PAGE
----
On high ground overlooking Paris, poet Alice Notley reads the words, “I stand here in whose eyes / the name of light is audience.” Reading from her poem, [I stand here in whose eyes], she is a guiding voice in Beatrice Gibson’s Deux soeurs qui ne sont pas soeurs (Two Sisters Who Are Not Sisters, 2019), one of three moving-image works on display at the artist’s first solo show in Italy, “Dream Gossip.” Notley articulates her position as subject, implicating our illuminating gaze and naming that invisible dynamic that separates and connects us. This space between us — audience/subject, and the collective “us” — is a territory Gibson is keen to traverse.
The crux of the exhibition, Dreaming Alcestis (2022), invites viewers to eavesdrop on the collective dreaming of a long-dead queen and two exhausted parents. Gibson conjures Euripedes’s Alcestis, the eponymous queen who sacrificed herself for her king before being returned from the dead by Heracles, no longer able to speak. “A heroine by subtraction,” she is the object which enables the narrative realization of her masculine counterparts.
On entering the exhibition, sound meets us before image: the crack of arrhythmic drums marks the second resurrection of Alcestis. Though speechless as her Euripidean self, Gibson’s Alcestis is loud with agency; the guttural roll of the motorbike an amplification of her silence to noise. Tearing through the night, she swerves erratically. Clad in leathers and masked by her helmet, Alcestis blinds the camera with her headlights, obliterating her own image. We ride with her, chasing or being chased, drenched in her projection which is backlit through holo-gauze and thrown into the center of the room.
Her image becomes the body of someone sleeping. In a newly inhabited apartment (a detail that mirrors Gibson’s own relocation from post-Brexit Britain to Palermo, Sicily), two children and their mother cross the frame. As the parents attempt sleep, a sense of anxiety rises in fragments of speech — lost keys, something (a house, a planet) burning, an admission, “I miss capitalism.” They whisper for Alcestis and an oneiric chorus refuses quiet: glass crunching beneath feet, the warm chatter of Palermo at night, animals trilling, the quake of a boat horn. Like the state between sleep and consciousness, the sounds are amorphous and pliable, shifting as we recognize them.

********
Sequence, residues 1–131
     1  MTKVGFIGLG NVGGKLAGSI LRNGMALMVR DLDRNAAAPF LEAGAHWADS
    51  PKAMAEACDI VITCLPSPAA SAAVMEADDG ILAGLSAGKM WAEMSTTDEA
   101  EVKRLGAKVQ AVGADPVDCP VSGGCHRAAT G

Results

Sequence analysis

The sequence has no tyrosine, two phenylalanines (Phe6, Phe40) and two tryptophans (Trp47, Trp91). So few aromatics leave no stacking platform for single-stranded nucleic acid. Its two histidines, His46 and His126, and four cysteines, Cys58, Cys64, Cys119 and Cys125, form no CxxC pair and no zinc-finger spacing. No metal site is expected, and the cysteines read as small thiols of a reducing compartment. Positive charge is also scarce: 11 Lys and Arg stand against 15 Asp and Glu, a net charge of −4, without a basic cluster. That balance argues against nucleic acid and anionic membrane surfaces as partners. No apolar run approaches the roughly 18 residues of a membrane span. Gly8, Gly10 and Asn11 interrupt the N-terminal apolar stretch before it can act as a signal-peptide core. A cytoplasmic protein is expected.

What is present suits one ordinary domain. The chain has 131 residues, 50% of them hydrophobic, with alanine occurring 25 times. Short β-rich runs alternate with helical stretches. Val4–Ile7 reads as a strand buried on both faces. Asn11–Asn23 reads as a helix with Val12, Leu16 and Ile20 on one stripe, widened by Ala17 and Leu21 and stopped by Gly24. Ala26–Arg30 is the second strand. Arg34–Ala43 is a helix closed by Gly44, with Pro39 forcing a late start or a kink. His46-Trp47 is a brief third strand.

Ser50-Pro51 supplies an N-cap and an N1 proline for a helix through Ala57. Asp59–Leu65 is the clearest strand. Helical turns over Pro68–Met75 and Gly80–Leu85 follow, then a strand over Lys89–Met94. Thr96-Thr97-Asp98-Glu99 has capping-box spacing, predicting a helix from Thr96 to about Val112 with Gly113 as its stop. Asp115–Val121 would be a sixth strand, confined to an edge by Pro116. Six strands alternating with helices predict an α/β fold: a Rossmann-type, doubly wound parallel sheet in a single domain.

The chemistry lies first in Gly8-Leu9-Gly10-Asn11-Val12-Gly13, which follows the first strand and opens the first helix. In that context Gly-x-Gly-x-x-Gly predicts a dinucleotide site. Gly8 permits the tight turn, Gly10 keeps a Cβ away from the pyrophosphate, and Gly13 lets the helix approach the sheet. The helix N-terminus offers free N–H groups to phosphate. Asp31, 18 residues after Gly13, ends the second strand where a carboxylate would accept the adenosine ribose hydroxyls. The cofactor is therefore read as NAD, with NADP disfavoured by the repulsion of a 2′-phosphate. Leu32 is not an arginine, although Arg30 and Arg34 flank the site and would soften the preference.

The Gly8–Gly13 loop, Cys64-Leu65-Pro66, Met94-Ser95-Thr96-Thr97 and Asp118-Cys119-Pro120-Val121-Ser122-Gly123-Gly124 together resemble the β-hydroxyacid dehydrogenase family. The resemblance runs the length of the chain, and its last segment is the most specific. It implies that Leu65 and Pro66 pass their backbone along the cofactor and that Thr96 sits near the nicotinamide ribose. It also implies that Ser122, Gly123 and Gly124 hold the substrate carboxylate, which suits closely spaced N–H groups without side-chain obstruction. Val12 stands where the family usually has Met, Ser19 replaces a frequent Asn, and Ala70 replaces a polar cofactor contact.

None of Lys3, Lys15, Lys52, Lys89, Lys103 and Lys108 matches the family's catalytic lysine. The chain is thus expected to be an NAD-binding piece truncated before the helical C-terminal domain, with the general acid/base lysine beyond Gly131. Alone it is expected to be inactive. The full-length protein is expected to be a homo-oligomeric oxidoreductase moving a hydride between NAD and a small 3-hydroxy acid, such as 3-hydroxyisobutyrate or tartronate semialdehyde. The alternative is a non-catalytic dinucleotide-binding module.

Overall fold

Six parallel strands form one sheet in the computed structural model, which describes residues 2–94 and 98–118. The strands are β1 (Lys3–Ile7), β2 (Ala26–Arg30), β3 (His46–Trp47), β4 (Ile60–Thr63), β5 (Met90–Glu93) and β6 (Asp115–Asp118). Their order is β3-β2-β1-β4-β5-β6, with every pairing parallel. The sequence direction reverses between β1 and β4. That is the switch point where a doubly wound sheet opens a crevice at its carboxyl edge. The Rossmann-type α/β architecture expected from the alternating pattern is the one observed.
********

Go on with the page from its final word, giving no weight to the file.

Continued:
Little happens in the film, which, despite its high production, subverts a cinematic way of seeing: denying narrative, contaminating the boundary between audience and image, and engaging sound as the driving force over the visual. There is the sense that something — Alcestis, death, Brexit, the end of the world — is chasing them, a generalized hostility that must weigh heavy on the shoulders of anyone endeavoring to raise children, or simply hoping for a future. The parents’ sleep is disrupted by their enmeshment in a world of noise. Rather than seeking to quiet it, however, Gibson takes pause to listen. It is moving to witness such a simple act.
Still, it is a shame that the setting of this ode to dreaming does not allow the audience to rest with it. The gallery offers no seating, which is always disappointing for longer moving-image works, but particularly so for a film that begs for horizontal engagement. Dreaming Alcestis is undoubtedly opaque, and may need to be watched more than once before viewers relinquish the desire to find a narrative thread. I wanted to spend more time with it, to lay in the light and let the ambisonic audio emerge differently for me with each replay. Its abstraction, however, is aptly contextualized by the two accompanying films.
To the side of the focal installation, a television plays a short video, Dear Barbara, Bette and Nina (2020). Gibson sits in a street in Palermo, her head cut off by the frame. From her phone she reads a letter addressed to her intellectual forebears: Barbara Loden, Nina Menkes, and Bette Gordon. Conjuring their voices and naming capitalism as the common enemy, the work is a grounding footnote to the somatic Dreaming Alcestis.
A third film, Deux soeurs qui non pas soeurs (2019), further explores Gibson’s interest in citation. A loose elaboration of Gertrude Stein’s 1929 screenplay of the same name, Deux Soeurs brings together perspectives on the future, pregnancy, motherhood, the ethical predicament of raising children, and our responsibility to each other. The work is as playful as it is sorrowful — the fruitless search for a lost poodle acting as a through line for the film. Each subject begins by looking into the camera, marking their agency with what Agnès Varda calls the first feminist gesture. They share confessions, dreams and poems, weaving in and out of each other’s frame. Notley reads, “I hadn’t seen clearly until I enacted her,” articulating the film as a collective portrait of solidarity across struggle.
The three films work as a map of the artist’s method of collective imagining; borrowing words, sounds, and visions across time. There is a sense of irresolution, but, indeed, crises continue to accumulate, the feminist struggle is ongoing. In “Dream Gossip,” Gibson offers experiments in looking and being otherwise to the capitalist and neoliberal ideologies of accumulation and individualism. A carrier-bag of practices — friendship, solidarity, dreaming, play, listening — accumulate on film.